Brussels: Top European Union officials on Thursday hashed out a last-minute deal on a 960 billion euro ($1.3 trillion) budget for the bloc for the next seven years.
The agreement, which includes the first spending cuts in the bloc`s history, still requires Parliamentary approval. But it ends months of infighting over the package and hands the recession-hit 27-nation area a proper budget to finance everything from infrastructure and farming subsidies to development aid and employment measures.
European Commission President Jose Manuel Barroso announced the agreement on Thursday after talks with lawmakers and officials representing the EU member states. European Parliament President Martin Schulz called the deal "acceptable" and said he`s "optimistic" that a majority of lawmakers will back it at a vote next week.
The deal came only a few hours before the 27 nations` heads of state and government were to hold a summit in Brussels to promote, among other initiatives, policies to fight the bloc`s rampant youth unemployment. Without a multi-annual budget in place, these employment schemes could not have been implemented.
The 2014-2020 budget includes the bloc`s first ever spending cuts, as many of the bloc`s countries are in recession and struggling to reduce their own national debt.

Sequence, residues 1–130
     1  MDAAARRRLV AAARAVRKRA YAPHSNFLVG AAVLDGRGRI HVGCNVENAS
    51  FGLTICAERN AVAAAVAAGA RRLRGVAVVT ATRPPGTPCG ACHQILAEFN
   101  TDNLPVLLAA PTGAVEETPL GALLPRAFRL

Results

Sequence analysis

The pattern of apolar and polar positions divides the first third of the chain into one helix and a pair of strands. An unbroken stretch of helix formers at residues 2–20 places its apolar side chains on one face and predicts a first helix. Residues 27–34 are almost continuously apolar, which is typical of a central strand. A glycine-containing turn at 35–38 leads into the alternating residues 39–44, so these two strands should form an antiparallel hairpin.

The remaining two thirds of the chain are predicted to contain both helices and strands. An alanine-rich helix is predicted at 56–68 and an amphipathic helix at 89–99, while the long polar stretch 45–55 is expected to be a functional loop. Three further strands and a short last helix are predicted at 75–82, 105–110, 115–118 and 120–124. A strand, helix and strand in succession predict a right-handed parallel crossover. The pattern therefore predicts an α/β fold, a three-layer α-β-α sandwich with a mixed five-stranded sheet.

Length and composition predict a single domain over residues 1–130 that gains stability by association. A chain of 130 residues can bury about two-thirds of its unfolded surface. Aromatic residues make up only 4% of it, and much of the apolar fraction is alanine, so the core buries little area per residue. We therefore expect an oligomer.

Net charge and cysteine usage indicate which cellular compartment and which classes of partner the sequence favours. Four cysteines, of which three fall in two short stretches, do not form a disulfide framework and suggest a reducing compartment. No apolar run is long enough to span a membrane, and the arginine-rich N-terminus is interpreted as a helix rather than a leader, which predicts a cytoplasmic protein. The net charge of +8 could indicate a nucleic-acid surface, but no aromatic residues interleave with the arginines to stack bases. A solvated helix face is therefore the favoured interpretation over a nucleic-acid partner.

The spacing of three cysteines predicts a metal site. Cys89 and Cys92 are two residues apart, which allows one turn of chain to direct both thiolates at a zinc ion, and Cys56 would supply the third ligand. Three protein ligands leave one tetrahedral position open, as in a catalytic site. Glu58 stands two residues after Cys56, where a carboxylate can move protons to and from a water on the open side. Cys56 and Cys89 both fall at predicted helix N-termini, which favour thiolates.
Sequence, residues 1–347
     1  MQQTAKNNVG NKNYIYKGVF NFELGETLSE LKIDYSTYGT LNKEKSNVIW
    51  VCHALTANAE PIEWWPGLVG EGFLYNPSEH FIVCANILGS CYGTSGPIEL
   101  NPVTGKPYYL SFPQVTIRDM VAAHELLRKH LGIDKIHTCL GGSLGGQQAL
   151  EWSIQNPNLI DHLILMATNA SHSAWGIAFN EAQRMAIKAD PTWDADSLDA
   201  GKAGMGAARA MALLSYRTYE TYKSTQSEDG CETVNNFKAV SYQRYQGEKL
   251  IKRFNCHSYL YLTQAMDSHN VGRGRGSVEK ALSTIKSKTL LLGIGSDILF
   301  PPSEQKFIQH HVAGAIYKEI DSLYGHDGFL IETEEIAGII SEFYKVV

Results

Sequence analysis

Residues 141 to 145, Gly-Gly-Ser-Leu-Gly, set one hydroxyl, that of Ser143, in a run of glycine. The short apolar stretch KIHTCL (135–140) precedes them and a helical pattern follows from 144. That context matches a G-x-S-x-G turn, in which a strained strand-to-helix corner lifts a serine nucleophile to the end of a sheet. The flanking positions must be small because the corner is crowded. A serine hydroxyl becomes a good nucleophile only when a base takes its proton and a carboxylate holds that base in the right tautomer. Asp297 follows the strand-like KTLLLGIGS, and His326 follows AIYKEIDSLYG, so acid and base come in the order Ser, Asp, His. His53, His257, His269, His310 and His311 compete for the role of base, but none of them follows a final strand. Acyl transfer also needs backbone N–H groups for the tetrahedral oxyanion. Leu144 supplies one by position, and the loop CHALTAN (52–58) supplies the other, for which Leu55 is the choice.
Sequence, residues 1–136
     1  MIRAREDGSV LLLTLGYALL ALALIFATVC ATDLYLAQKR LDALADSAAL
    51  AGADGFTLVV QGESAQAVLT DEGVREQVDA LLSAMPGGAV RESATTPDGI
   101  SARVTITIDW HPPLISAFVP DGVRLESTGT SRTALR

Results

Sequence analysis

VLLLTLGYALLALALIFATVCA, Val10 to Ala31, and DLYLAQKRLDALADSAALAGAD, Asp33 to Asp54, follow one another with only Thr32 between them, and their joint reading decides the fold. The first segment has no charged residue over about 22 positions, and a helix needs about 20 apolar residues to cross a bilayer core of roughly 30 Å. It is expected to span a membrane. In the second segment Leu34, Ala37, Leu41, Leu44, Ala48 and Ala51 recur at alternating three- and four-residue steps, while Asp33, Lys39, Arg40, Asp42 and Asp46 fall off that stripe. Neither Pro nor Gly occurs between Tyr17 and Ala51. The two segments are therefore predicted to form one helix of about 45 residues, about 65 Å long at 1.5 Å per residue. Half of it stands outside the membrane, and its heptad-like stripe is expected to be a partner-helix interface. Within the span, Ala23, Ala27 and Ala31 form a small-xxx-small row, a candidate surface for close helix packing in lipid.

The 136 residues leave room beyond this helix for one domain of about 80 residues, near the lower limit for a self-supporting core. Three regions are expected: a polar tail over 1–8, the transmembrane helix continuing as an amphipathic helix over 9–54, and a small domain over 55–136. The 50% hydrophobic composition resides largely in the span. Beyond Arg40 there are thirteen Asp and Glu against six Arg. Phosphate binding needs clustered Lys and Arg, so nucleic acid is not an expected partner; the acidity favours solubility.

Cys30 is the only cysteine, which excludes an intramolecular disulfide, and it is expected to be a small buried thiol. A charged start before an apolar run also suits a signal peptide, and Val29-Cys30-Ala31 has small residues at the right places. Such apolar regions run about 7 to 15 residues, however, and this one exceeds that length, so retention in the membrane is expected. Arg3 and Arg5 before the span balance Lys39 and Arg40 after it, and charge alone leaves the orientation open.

"This is a good deal for Europe, this is a good deal for European citizens, this is a good deal for the European economy," Barroso said. "This is the growth fund for Europe," he added, noting that it allows for more money to be spent quicker on investment and other projects boosting employment.
Separate from national spending and much smaller than EU national budgets the EU budget is designed in part to balance out the economic development of its members by injecting funding into poorer countries. The EU has funded thousands of infrastructure and capital projects over the years, from the installation of broadband networks to the upgrade of road networks.
The EU countries have been trying since last fall to cobble the budget together. Some countries wanted to increase or maintain spending levels while others firmly insisted it made no sense to increase the budget while individual governments were imposing tough austerity policies at home.